4 ways to give weaned calves an ideal start

4 ways to give weaned calves an ideal start

Focus on nutrition first for weaned calves

Calves never get over a bad start, but they also never get over a good start, according to Ted Perry, a cattle nutritionist with Purina Animal Nutrition.

"If calves get a good start on feed in the first 10 to 14 days after being weaned, it's amazing how often health issues can be minimized and the calves' performance can take off," Perry says.

Related: Quick treatment options for preventing, eliminating calf scours

Perry acknowledges that weaning time is stressful for calves. He points out that calves typically are on pasture with their dam where "life is good," when they are suddenly faced with a plethora of stressors and challenges.

Life will change soon: Calves need good nutrition as soon as they are weaned. (Thinkstock/flowersandclassicalmusic)

Calves are then weaned, shipped, commingled, processed, faced with a diet change, and face shifting weather.

Additionally, freshly weaned calves are often hungry, meaning they tend to bawl for their dam. Bawling for extended periods can irritate a calf's throat and potentially lead to respiratory disease.

"All of that stress can lead to reduced disease resistance for the calf," Perry says. "But, if you are able to get weaned calves eating quickly, then you may be able to address and potentially overcome stress and sickness."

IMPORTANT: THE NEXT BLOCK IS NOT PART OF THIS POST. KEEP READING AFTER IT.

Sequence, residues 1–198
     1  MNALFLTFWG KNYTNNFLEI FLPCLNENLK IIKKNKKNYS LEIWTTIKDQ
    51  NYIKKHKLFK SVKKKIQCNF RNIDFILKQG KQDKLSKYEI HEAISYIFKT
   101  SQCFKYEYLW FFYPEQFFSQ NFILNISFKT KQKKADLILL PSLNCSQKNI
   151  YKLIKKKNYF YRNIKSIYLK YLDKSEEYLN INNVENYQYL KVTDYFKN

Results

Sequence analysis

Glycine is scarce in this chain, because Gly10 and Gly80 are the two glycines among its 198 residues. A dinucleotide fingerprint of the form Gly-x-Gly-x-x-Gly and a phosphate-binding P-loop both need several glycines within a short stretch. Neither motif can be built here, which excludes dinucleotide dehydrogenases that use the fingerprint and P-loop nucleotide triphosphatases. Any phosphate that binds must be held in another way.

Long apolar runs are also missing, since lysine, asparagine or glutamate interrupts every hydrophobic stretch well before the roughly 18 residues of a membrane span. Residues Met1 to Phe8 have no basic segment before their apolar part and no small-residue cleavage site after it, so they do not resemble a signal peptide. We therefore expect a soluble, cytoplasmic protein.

Here are some tips to get your freshly weaned calves eating quickly:

1. Use lick tubs.

Perry suggests placing lick tubs as a free-choice supplement in calf receiving pens. He notes that supplement tubs are often popular in cow herds and calves tend to be familiar with them.

The lick tubs offer two benefits for calves. First, the licking action produces saliva that can help ease any throat irritation from bawling. Second, licking the tub stimulates calves' appetites; and they may then look for feed and water.

2. Offer palatable feeds.

When calves go in search of feed, Perry emphasizes that having palatable feed in the bunk is critical.

"If calves like the feed, they will start to eat and continue to come to the bunk," Perry says. He notes the worst-case scenario is that calves come to the bunk for the first time and find an unpalatable feed; it can then become challenging to get them back to the bunk to eat.

Perry advises using a starter ration that includes proper nutrition for calves and palatable feed ingredients, including intake control properties that can help stimulate consumption.

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3. Find the right feed form.

Perry says the physical form of the feed can influence consumption. Specifically, he says, bigger pellets tend to work better for calf starter feeds.

"They are softer, and calves get more with every mouthful, which is especially important if a calf is not aggressive at the bunk," says Perry.

He adds that, in his experience, mealy feeds which tend to separate are often less appealing to calves.

4. Quality is critical.

While it may be easiest to find low-cost meal feed, Perry suggests evaluating the quality of whatever feed options are available.

"When it comes to starter feeds, you really get what you pay for," says Perry. "A lower-cost feed may be cheaper upfront but is also likely to be less palatable."

"A quality, palatable starter will get calves eating during the first 10 to 14 days post-weaning and will help your calves avoid potential sickness during this critical time frame," adds Perry. "And that's exactly what you want to achieve when you are starting calves."


Planning for all possibilities is the best way to prepare for a successful calving season. But do it right! Download our free report, Best Practices for a Successful Calving Season, to ensure you have everything in place to limit stress on you and your herd.


Source: Purina

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